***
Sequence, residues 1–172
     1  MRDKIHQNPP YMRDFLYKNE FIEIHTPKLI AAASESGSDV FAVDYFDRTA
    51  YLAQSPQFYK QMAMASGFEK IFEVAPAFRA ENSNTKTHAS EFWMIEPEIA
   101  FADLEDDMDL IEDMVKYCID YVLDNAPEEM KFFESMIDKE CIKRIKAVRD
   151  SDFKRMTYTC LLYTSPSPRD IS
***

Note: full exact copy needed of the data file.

Sequence, residues 1–172
     1  MRDKIHQNPP YMRDFLYKNE FIEIHTPKLI AAASESGSDV FAVDYFDRTA
    51  YLAQSPQFYK QMAMASGFEK IFEVAPAFRA ENSNTKTHAS EFWMIEPEIA
   101  FADLEDDMDL IEDMVKYCID YVLDNAPEEM KFFESMIDKE CIKRIKAVRD
   151  SDFKRMTYTC LLYTSPSPRD IS